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Polybius, Histories 62 0 Browse Search
Richard Hakluyt, The Principal Navigations, Voyages, Traffiques, and Discoveries of the English Nation 8 0 Browse Search
M. Tullius Cicero, Orations, for Quintius, Sextus Roscius, Quintus Roscius, against Quintus Caecilius, and against Verres (ed. C. D. Yonge) 4 0 Browse Search
Titus Livius (Livy), History of Rome, books 1-10 (ed. Rev. Canon Roberts) 4 0 Browse Search
M. Tullius Cicero, Orations, The fourteen orations against Marcus Antonius (Philippics) (ed. C. D. Yonge) 4 0 Browse Search
M. Tullius Cicero, Orations, for his house, Plancius, Sextius, Coelius, Milo, Ligarius, etc. (ed. C. D. Yonge) 4 0 Browse Search
P. Ovidius Naso, Metamorphoses (ed. Brookes More) 2 0 Browse Search
M. Tullius Cicero, Orations, for his house, Plancius, Sextius, Coelius, Milo, Ligarius, etc. (ed. C. D. Yonge) 2 0 Browse Search
M. Tullius Cicero, Orations, Three orations on the Agrarian law, the four against Catiline, the orations for Rabirius, Murena, Sylla, Archias, Flaccus, Scaurus, etc. (ed. C. D. Yonge) 2 0 Browse Search
C. Valerius Catullus, Carmina (ed. Leonard C. Smithers) 2 0 Browse Search
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Browsing named entities in Titus Livius (Livy), History of Rome, books 1-10 (ed. Rev. Canon Roberts). You can also browse the collection for Alps (New Mexico, United States) or search for Alps (New Mexico, United States) in all documents.

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Titus Livius (Livy), The History of Rome, Book 1 (ed. Rev. Canon Roberts), chapter 1 (search)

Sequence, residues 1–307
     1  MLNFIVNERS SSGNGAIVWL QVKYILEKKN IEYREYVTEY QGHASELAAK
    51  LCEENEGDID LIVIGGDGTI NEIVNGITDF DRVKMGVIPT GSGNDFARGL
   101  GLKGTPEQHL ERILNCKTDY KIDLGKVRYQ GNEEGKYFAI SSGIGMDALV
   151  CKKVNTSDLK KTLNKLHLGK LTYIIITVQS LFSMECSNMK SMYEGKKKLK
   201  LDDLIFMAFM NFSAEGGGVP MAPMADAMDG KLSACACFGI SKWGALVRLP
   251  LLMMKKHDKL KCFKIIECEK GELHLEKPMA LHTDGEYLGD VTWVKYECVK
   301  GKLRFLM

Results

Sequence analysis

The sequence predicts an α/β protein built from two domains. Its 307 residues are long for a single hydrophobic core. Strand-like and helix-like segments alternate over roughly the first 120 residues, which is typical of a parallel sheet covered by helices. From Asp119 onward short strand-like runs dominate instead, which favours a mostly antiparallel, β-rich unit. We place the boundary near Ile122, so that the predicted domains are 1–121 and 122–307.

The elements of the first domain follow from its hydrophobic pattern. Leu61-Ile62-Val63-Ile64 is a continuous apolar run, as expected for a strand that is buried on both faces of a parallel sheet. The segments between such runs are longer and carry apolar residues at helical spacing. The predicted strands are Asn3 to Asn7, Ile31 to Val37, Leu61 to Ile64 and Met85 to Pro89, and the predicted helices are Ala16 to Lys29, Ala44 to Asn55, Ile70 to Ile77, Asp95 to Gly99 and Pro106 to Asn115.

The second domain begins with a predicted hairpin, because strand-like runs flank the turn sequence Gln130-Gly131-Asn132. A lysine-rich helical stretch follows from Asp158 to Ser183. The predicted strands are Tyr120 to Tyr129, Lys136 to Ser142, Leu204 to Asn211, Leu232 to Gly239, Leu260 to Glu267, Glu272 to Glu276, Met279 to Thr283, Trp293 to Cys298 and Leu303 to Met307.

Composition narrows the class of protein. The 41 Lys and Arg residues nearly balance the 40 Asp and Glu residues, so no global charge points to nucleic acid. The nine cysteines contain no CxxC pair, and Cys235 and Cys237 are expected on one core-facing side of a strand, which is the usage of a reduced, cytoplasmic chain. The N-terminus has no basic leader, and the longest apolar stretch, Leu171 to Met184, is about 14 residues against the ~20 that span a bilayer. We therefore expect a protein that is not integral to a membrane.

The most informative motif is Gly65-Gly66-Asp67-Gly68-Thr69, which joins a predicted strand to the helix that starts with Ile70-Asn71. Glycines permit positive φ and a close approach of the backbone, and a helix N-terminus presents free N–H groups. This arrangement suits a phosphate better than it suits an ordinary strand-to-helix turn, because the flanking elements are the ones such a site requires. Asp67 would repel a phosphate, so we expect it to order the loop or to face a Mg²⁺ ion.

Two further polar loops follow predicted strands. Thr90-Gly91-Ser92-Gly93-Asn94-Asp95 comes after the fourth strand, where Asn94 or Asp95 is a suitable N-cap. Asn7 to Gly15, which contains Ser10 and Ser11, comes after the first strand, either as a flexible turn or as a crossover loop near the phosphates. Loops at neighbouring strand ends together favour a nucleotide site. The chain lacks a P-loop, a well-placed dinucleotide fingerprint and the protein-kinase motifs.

spitality, and partly because these men had always been in favour of making peace and surrendering Helen. Their subsequent fortunes were different. Antenor sailed into the furthest part of the Adriatic, accompanied by a number of Enetians who had been driven from Paphlagonia by a revolution and after losing their king Pylaemenes before Troy were looking for a settlement and a leader. The combined force of Enetians and Trojans defeated the Euganei, who dwelt between the sea and the Alps and occupied their land. The place where they disembarked was called Troy, and the name was extended to the surrounding district; the whole nation were called Veneti. Similar misfortunes led to Aeneas becoming a wanderer but the Fates were preparing a higher destiny for him. He first visited Macedonia, then was carried down to Sicily in quest of a settlement; from Sicily he directed his course to the Laurentian territory. Here, too, the name of Troy is found, and here the Trojans
Titus Livius (Livy), The History of Rome, Book 1 (ed. Rev. Canon Roberts), chapter 2 (search)
e proposal to join forces with the Rutulians. To keep the Aborigines from abandoning him in the face of this strong coalition and to secure their being not only under the same laws, but also the same designation, Aeneas called both nations by the common name of Latins. From that time the Aborigines were not behind the Trojans in their loyal devotion to Aeneas. So great was the power of Etruria that the renown of her people had filled not only the inland parts of Italy but also the coastal districts along the whole length of the land from the Alps to the Straits of Messina. Aeneas, however, trusting to the loyalty of the two nations who were day by day growing into one, led his forces into the field, instead of awaiting the enemy behind his walls. The battle resulted in favour of the Latins, but it was the last mortal act of Aeneas His tomb — whatever it is lawful and right to call him — is situated on the bank of the Numicius. He is addressed as Jupiter Indiges.